No longer just a stop en route to Yellowstone, this burgeoning Montana city earns its destination status.
As a college town that happens to share a neighborhood with the world's first national park, Bozeman, Mont., finds new life every fall. This is a place where elk bugle in the suburbs, mischievous black bears show up in the police blotter, and locals squeeze in a little fly-fishing in the cool autumn evenings after work.
Ever since prospectors opened up the Bozeman Trail in the 1860s, this part of the Gallatin Valley north of Yellowstone has been a pit stop on epic road trips. But Bozeman (population 40,000) has become a destination on its own, especially for people who want a side of city fun with their mountain views.
In the historic downtown you're always within walking distance of tacos, pad thai, and sushi—fare that would have boggled the city founders. Montana State University students slurp up green curry soba at Naked Noodle while their professors sample lamb chops and roasted beet salad at Blackbird Kitchen nearby. Families find comfort food at Starky's Authentic Americana, a casual spot that serves a righteous beef-and-pork meat loaf wrapped in bacon, and adventurous diners savor curries rich with cardamom, coriander, tamarind, and mint at Saffron Table across town. Got a sweet tooth? La Châtelaine Chocolat Co. makes about 60 kinds of French-inspired bonbons, including dark chocolate morsels flavored with huckleberries and port.
Memorable drinks aren't far away. Montana Ale Works, a restaurant in an old railroad freight house, purveys the Bozeman Brewing Company's smooth Bozone Select Amber Ale and biting Hopzone IPA alongside burgers and salads. Nearby, Bozeman Brewing has its own taproom for anyone who wants to sample specialties such as Bozone Terroir Fresh Hop Ale, released each year in early October. "We bring in more than 200 pounds of whole-cone fresh hops from growers right here in the Gallatin Valley," says General Manager Tucker Kalberg. "The wet hops add a flavor and aroma—bright, earthy—that you can only get in the fall." Visitors to the newly built Bozeman Spirits Distillery, just a mile west, can sip cocktails featuring whiskey or huckleberry vodka in a friendly tasting room. Another new outfit, Wildrye Distilling, also pours tastes of its own creations, including a rum made from Montana sugar beets dubbed brum.
Even more distinctive finds are on tap in the shops up and down Main Street. Sundog Fine Art—more like a museum than a gallery—sells pieces of authentic, mostly 19th-century artistry, such as a buffalo-hide painting of Lakota warriors with an asking price of $225,000. A beaded Plains Cree knife sheath is a relative bargain at $8,500, and a stamped-silver Navajo bracelet from the 1920s is genuinely affordable at $40. Lovers of old books can get blissfully lost in the stacks at Vargo's Jazz City & Books; vinyl fans groove on the goodies at Cactus Records. Dee-O-Gee sells dog treats and toys fit for a canine-crazed town, among them elk-antler chews and squeaky, Montana-made stuffed grizzly bears. The Bozeman Angler offers copper zonkers and fire-bead Ray Charles flies—those are actual names— along with fall fishing advice for the local waters. Anglers looking for serious trout adventure can sign up here for a full-day guided float trip on the nearby Madison River, a world-famous stretch of blue-ribbon water packed with wild browns and rainbows.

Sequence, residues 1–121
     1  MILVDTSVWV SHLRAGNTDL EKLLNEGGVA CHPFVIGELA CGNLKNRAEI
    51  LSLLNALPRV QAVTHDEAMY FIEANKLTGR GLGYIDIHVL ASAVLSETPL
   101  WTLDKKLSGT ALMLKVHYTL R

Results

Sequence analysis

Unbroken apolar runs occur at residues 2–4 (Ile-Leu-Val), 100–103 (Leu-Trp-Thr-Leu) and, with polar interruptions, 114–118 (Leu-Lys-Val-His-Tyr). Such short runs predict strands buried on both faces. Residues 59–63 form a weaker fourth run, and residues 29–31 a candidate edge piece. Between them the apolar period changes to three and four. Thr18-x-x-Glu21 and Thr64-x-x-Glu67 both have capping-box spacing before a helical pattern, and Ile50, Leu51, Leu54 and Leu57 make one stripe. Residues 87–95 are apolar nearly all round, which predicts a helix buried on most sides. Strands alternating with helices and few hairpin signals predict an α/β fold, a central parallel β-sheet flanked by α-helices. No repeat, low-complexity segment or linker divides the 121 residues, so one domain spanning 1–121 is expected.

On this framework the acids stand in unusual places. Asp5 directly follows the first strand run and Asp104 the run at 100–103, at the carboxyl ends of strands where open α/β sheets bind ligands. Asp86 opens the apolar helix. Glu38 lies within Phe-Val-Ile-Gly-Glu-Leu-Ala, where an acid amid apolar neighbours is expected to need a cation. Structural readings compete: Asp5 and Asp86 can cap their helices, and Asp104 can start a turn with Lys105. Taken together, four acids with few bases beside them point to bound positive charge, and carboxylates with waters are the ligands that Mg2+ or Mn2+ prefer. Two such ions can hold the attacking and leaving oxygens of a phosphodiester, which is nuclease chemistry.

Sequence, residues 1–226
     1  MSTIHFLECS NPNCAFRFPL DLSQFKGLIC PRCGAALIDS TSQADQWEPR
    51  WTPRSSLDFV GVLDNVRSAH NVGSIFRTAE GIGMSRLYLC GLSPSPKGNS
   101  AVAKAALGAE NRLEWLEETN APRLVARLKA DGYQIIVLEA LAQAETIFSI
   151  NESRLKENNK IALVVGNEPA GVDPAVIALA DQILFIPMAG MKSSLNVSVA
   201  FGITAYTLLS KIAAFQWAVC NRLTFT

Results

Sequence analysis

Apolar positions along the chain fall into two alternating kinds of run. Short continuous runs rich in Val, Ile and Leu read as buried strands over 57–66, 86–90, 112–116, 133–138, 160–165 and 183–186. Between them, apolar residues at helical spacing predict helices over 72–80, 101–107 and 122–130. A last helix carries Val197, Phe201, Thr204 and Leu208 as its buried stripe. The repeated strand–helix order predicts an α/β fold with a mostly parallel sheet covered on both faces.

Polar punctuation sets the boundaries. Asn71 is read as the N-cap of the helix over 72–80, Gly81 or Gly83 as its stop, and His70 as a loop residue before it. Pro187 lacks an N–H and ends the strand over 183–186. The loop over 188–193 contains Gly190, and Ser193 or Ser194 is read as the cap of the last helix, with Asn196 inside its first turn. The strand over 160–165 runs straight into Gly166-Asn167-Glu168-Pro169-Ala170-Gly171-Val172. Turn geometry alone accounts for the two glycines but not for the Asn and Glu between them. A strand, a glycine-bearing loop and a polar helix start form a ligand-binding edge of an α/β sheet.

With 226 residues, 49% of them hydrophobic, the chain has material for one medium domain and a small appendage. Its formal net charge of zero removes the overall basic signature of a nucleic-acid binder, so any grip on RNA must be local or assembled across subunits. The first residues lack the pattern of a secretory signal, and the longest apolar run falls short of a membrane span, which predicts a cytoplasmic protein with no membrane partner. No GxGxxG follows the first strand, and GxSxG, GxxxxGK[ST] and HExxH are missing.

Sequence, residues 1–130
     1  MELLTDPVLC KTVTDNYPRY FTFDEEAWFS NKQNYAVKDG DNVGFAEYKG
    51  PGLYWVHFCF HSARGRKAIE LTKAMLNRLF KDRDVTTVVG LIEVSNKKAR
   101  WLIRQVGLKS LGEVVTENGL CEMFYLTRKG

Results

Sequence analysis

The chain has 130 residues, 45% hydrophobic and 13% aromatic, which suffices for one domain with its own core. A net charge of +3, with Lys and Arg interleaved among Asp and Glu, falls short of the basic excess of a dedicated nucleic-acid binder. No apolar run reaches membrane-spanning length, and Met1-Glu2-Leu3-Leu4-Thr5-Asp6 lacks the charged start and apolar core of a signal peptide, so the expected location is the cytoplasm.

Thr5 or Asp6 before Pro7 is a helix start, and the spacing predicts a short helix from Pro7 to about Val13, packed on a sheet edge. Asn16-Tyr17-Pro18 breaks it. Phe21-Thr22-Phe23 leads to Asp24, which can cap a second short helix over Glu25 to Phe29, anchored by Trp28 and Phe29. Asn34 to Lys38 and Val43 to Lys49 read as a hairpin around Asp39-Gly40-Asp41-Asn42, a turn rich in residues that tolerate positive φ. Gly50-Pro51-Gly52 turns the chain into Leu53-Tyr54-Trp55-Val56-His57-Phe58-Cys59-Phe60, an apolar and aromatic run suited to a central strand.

Natural escapes are just minutes away no matter where you go around Bozeman. South of town, take a walk through the woods along Bozeman Creek. Or drive into Hyalite Canyon and make the half-mile hike to Palisade Falls, a curtain of water that shines on an autumn day. The zigzag trail through the golden aspens on Kirk Hill near the end of South 19th Road pays off immediately with huge views of the valley. Hikers commune with ducks, sandhill cranes, and other passersby along the East Gallatin River near the Bridger foothills. In the sky above the Bridger Bowl ski area, golden eagles gather in early October, a display celebrated during the Bridger Raptor Festival.
The area's most famous and fearsome creatures reside at the Museum of the Rockies, home of an ever-growing collection of dinosaurs. The new Tyrant Kings exhibit features a 40-foot-long T. rex skeleton—real fossil bones, not stand-ins—and a multigenerational medley of tyrannosaur skulls, ranging from that of a juvenile, nicknamed Chomper, to the largest specimen ever unearthed, dubbed Custer. "You can't see that anywhere else in the world," says Pat Leiggi, the museum's exhibits director. "I've been in this business for 35 years and I still go look at it."
If you start to come down with a case of glazed-eye museumitis, just step outside. The view on a clear day— and there are plenty of those in the fall—is inescapable and unforgettable: the soaring peaks of the Bridger Mountains shining in the autumn sun. It's a scene that's totally Bozeman and totally worth the trip.
This article was first published in Fall 2015. Some facts may have aged gracelessly. Please call ahead to verify information.